It was also a point reinforced by Brass in Concert organising team member Kenny Crookston. "Last year was a great addition to the event, and we hoped it would be even better this year — and it was. The spirit and the effort of the young musicians was absolutely magnificent from start to finish.
The key word was quality — everything they do; they way they organised themselves becomes a self sustaining project. It's tremendous."
That was an adjective that certainly applied to the winners as the all-conquering Wardle Academy produced a programme that took inventiveness literally at its word.
Their 'Homage to the Great Inventors' was thoroughly brilliant; an 'all-standing' choreographed set, with the players utilising every bit of the stage (and the great homemade props) available to them, aided by the fantastic story-telling narration of their very own Prof Potts.
It cleverly embraced the local invention of the Swan electric light bulb to Stephenson's 'Rocket', the Wright Brothers first flight, the telephone (updated of course to include the ubiquitous mobile device), the camera, and finally, the great British brass band.
It had it all — with the music (from Handel to Stevie Wonder) the perfect counterbalance to the fun-packed, exhaustively polished theatre.
And whilst narrator Adam 'Prof Potts' Wilkinson was worthy of an 'Academy' award nomination of his own, it was the band's solo trombone player, Adam Warburton who deservedly took the 'Best Soloist' Award.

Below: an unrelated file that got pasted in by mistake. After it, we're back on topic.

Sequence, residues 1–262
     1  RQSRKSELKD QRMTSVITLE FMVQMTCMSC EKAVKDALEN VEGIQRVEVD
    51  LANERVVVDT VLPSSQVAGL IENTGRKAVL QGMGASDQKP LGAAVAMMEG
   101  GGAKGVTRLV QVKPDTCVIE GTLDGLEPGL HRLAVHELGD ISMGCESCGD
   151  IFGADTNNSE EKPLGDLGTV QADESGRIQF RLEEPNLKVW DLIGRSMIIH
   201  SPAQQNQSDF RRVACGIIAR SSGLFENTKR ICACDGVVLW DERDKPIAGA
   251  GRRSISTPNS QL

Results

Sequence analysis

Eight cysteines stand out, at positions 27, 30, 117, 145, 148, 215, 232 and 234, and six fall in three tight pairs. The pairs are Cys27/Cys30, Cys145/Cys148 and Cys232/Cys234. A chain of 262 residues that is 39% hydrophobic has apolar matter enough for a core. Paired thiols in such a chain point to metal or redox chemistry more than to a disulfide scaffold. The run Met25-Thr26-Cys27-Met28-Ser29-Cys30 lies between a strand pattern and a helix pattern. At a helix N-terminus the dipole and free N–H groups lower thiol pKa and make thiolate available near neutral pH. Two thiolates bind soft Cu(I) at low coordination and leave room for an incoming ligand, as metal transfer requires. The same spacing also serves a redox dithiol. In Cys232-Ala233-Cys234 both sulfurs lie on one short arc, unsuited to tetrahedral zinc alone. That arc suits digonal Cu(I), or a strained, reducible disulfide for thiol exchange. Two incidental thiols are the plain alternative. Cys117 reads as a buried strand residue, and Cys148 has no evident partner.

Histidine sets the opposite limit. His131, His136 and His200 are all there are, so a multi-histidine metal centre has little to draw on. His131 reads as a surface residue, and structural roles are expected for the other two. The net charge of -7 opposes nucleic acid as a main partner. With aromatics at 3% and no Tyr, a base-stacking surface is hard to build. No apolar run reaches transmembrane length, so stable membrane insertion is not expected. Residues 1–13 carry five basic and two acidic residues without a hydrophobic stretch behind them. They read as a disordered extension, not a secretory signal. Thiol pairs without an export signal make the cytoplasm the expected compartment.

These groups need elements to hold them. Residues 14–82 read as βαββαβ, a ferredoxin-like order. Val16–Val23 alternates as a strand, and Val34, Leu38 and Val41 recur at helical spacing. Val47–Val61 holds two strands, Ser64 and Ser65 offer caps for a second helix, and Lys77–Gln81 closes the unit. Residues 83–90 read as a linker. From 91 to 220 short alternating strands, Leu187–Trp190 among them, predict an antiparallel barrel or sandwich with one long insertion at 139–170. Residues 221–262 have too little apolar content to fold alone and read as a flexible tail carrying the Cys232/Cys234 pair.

Tyne Bridge smile
After the announcement of the result their MD, still wearing a smile as wide as the Tyne Bridge took time out to tell 4BR just what this latest triumph means to the band.
"I'm so proud of them,"Lee Rigg said. "The players have worked so hard in recent weeks and have given me everything and more that I have asked of them in preparing for the contest. All this and they all make sure their homework is done before they come to band."
Lee also revealed that he'd been thinking about the 'Inventors' theme for a while, before adding that with Christmas concerts on the horizon, they will soon start looking towards 2020 and the defence of their National Youth and European titles.
That's a sign of ambition and determination that marks out great champions — and one that Philip Harper and Cory Band will recognise in full.
However, as with Cory, their rivals will also be determined to beat them in 2020 — with the likes of Elland Silver Youth and Youth Brass 2000 close on their heels.
Elland's colourfully vibrant 'Latin' set was a joyful exhibition of exuberance and fun under Samantha Harrison (who led from the front dressed as a toreador).
Cleverly choreographed, vocalised and performed it was super stuff — right from the opening 'El Torero' to the closing finale from 'Three Spanish Impressions' by Alan Fernie. In between we had a super euphonium solo from the talented Alex Barron as they gave everything and more in pursuit of the title.